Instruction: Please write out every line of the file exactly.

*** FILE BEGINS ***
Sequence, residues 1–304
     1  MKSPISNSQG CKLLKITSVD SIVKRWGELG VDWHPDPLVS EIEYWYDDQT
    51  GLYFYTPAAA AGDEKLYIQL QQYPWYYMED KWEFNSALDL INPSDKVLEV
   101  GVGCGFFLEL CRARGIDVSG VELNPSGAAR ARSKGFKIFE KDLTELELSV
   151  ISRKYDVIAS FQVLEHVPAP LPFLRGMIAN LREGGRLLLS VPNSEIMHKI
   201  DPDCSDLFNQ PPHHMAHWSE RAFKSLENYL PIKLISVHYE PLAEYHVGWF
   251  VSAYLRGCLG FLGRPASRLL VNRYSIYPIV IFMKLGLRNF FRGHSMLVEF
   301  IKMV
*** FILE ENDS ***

Sequence, residues 1–304
     1  MKSPISNSQG CKLLKITSVD SIVKRWGELG VDWHPDPLVS EIEYWYDDQT
    51  GLYFYTPAAA AGDEKLYIQL QQYPWYYMED KWEFNSALDL INPSDKVLEV
   101  GVGCGFFLEL CRARGIDVSG VELNPSGAAR ARSKGFKIFE KDLTELELSV
   151  ISRKYDVIAS FQVLEHVPAP LPFLRGMIAN LREGGRLLLS VPNSEIMHKI
   201  DPDCSDLFNQ PPHHMAHWSE RAFKSLENYL PIKLISVHYE PLAEYHVGWF
   251  VSAYLRGCLG FLGRPASRLL VNRYSIYPIV IFMKLGLRNF FRGHSMLVEF
   301  IKMV